To report this status, the user Phabricator is connecting as must have the REPLICATION CLIENT privilege (or the SUPER privilege) so it can run the SHOW SLAVE STATUS command. The REPLICATION CLIENT privilege only enables the user to run diagnostic commands so it should be reasonable to grant it in most cases, but it is not required. If you choose not to grant it, this page can not show any useful diagnostic information about replication status but everything else will still work.
If a replica is more than a second behind master, this page will show the current replication delay. If the replication delay is more than 30 seconds, it will report "Slow Replication" with a warning icon.
If replication is delayed, data is at risk: if you lose the master and can not later recover it (for example, because a meteor has obliterated the datacenter housing the physical host), data which did not make it to the replica will be lost forever.
Beyond the risk of data loss, any read-only traffic sent to the replica will see an older view of the world which could be confusing for users: it may appear that their data has been lost, even if it is safe and just hasn't replicated yet.
Phabricator will attempt to prevent clients from seeing out-of-date views, but sometimes sending traffic to a delayed replica is the best available option (for example, if the master can not be reached).
Health: This column shows the result of recent health checks against the server. After several checks in a row fail, Phabricator will mark the server as unhealthy and stop sending traffic to it until several checks in a row later succeed.
Note that each web server tracks database health independently, so if you have several servers they may have different views of database health. This is normal and not problematic.
For more information on health checks, see "Unreachable Masters" below.
Messages: This column has additional details about any errors shown in the other columns. These messages can help you understand or resolve problems.
To test that your configuration can survive a disaster, turn off the master database. Do this with great ceremony, making a cool explosion sound as you run the mysqld stop command.
If things have been set up properly, Phabricator should degrade to a temporary read-only mode immediately. After a brief period of unresponsiveness, it will degrade further into a longer-term read-only mode. For details on how this works internally, see "Unreachable Masters" below.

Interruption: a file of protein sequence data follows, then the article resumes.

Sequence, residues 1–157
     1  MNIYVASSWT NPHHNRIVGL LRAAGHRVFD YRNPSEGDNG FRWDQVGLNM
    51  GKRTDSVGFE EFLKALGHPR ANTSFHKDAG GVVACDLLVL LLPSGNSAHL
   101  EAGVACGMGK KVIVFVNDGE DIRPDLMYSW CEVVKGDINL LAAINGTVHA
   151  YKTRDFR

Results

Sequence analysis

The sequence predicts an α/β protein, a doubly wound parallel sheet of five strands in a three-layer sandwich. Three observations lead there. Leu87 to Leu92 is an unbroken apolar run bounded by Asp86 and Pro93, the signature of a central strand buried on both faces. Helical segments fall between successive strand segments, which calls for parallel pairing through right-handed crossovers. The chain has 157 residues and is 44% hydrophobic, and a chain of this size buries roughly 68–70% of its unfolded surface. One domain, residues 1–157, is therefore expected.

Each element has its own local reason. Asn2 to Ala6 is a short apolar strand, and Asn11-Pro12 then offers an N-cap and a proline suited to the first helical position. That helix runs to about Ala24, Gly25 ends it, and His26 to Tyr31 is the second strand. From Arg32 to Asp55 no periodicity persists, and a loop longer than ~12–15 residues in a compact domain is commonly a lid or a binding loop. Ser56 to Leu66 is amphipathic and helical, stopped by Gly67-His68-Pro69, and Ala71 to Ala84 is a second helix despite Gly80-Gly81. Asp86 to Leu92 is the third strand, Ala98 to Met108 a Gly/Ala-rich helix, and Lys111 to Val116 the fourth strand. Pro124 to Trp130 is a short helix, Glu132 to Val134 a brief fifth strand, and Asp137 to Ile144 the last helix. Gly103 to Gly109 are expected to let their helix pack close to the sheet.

Once satisfied, turn the master back on. After a brief delay, Phabricator should recognize that the master is healthy again and recover fully.
Throughout this process, the Database Servers console will show a current view of the world from the perspective of the web server handling the request. You can use it to monitor state.
You can perform a more narrow test by enabling cluster.read-only in configuration. This will put Phabricator into read-only mode immediately without turning off any databases.
You can use this mode to understand which capabilities will and will not be available in read-only mode, and make sure any information you want to remain accessible in a disaster (like wiki pages or contact information) is really accessible.
See the next section, "Degradation to Read Only Mode", for more details about when, why, and how Phabricator degrades.
If you run custom code or extensions, they may not accommodate read-only mode properly. You should specifically test that they function correctly in read-only mode and do not prevent you from accessing important information.
Phabricator will degrade to read-only mode when any of these conditions occur:
- you turn it on explicitly;
- you configure cluster mode, but don't set up any masters;
- the master can not be reached while handling a request; or
- recent attempts to connect to the master have consistently failed.
When Phabricator is running in read-only mode, users can still read data and browse and clone repositories, but they can not edit, update, or push new changes. For example, users can still read disaster recovery information on the wiki or emergency contact information on user profiles.
You can enable this mode explicitly by configuring cluster.read-only. Some reasons you might want to do this include:
- to test that the mode works like you expect it to;
- to make sure that information you need will be available;
- to prevent new writes while performing database maintenance; or
- to permanently archive a Phabricator install.
You can also enable this mode implicitly by configuring cluster.databases but disabling the master, or by not specifying any host as a master. This may be more convenient than turning it on explicitly during the course of operations work.
If Phabricator is unable to reach the master database, it will degrade into read-only mode automatically. See "Unreachable Masters" below for details on how this process works.
If you end up in a situation where you have lost the master and can not get it back online (or can not restore it quickly) you can promote a replica to become the new master. See the next section, "Promoting a Replica", for details.
If you lose access to the master database, Phabricator will degrade into read-only mode. This is described in greater detail below.
The easiest way to get out of read-only mode is to restore the master database. If the database recovers on its own or operations staff can revive it, Phabricator will return to full working order after a few moments.
If you can't restore the master or are unsure you will be able to restore the master quickly, you can promote a replica to become the new master instead.
Before doing this, you should first assess how far behind the master the replica was when the link died. Any data which was not replicated will either be lost or become very difficult to recover after you promote a replica.
For example, if some T1234 had been created on the master but had not yet replicated and you promote the replica, a new T1234 may be created on the replica after promotion. Even if you can recover the master later, merging the data will be difficult because each database may have conflicting changes which can not be merged easily.